Dollar static ahead of G-7 summit


The dollar traded in a narrow range around ¥102.50 in Tokyo trading Monday as a wait-and-see mood grew before a Group of Seven summit to be held in the Netherlands later in the day.

At 5 p.m., the dollar stood at ¥102.54-55, up from ¥102.36-37 at the same time Thursday. The euro was at $1.3826-3826, down from $1.3838-3840, and at ¥141.50-54, down from ¥141.66-73. The Tokyo market was closed Friday for a national holiday.

In overseas trading Friday, the dollar briefly fell to levels near ¥102 on position-adjustment selling. Although the greenback later attracted demand, its upside was capped due partly to a drop in U.S. long-term interest rates.

After moving around ¥102.20 in early morning trading in Tokyo, the dollar gained ground moderately thanks to a rise in Tokyo stock prices.

On renewed purchases, the dollar rose to near ¥102.60 at one point.

An official at a foreign exchange margin trading service firm said that “some market participants apparently ended up covering dollar-short positions as stocks gained further ground” despite weaker than expected readings in the HSBC China manufacturing purchasing managers’ index for March.

In the afternoon, the dollar was briefly hit by position-adjustment selling as stocks failed to extend gains.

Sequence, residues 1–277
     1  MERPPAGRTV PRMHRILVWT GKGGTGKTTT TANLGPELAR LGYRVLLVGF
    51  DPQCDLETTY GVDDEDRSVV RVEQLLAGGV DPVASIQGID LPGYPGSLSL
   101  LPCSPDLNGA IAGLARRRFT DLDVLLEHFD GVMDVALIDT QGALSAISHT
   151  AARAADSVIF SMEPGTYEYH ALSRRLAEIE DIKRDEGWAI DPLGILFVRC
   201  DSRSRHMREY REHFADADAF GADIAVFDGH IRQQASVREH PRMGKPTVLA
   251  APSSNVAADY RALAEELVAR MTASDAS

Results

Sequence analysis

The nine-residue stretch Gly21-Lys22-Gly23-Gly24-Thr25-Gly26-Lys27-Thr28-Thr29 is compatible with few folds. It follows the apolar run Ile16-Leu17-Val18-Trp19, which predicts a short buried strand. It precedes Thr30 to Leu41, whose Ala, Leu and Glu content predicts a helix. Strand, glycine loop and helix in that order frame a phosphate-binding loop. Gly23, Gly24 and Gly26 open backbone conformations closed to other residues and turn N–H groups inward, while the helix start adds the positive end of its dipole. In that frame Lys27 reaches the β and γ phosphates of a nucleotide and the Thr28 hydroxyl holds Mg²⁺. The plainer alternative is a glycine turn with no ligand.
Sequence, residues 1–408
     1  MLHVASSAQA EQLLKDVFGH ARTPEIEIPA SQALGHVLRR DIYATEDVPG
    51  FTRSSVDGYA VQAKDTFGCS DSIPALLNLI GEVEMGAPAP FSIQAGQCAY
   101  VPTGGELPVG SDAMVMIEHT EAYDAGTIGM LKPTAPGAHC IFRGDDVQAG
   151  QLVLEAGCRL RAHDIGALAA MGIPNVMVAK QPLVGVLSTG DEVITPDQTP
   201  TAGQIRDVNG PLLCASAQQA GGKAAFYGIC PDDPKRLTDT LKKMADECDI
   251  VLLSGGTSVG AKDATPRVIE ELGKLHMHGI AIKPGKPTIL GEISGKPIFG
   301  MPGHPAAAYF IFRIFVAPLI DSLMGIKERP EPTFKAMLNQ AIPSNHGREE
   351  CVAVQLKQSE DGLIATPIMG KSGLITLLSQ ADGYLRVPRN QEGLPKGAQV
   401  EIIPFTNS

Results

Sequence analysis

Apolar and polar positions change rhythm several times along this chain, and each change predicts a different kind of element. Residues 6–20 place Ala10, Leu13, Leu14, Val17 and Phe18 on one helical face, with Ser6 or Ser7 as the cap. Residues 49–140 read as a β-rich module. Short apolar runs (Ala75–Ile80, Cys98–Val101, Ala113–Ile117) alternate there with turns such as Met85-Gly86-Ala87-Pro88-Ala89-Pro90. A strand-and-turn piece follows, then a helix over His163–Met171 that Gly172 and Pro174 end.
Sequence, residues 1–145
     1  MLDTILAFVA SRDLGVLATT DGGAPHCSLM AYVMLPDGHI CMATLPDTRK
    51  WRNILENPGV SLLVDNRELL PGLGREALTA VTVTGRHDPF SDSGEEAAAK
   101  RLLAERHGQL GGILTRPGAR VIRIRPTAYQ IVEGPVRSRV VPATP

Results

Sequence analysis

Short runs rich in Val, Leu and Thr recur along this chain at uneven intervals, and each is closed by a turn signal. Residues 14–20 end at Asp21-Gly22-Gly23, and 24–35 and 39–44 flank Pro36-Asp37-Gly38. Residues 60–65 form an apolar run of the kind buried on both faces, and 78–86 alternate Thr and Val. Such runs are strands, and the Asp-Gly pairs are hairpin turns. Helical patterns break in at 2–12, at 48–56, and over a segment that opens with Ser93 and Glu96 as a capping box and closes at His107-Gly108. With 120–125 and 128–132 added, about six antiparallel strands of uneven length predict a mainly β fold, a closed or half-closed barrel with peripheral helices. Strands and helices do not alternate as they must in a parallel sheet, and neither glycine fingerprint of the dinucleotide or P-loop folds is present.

Dollar-yen trading was range-bound at levels around 102.50 after European players joined trading in late hours.

A major foreign bank official said that “the dollar is unlikely to chase higher ground for now” due to a fall in U.S. long-term interest rates following a rise triggered by U.S. Federal Reserve Chairwoman Janet Yellen’s remarks last week that suggested an early interest rate increase in the United States.

“Currency players are cautious about increasing risk exposure just before the G-7 summit,” an official at a foreign exchange broker said.

“Market participants retreated to the sidelines to see details of additional sanctions expected to be imposed against Russia by the G-7 leaders” over the crisis in Ukraine, an official of a major Japanese bank said.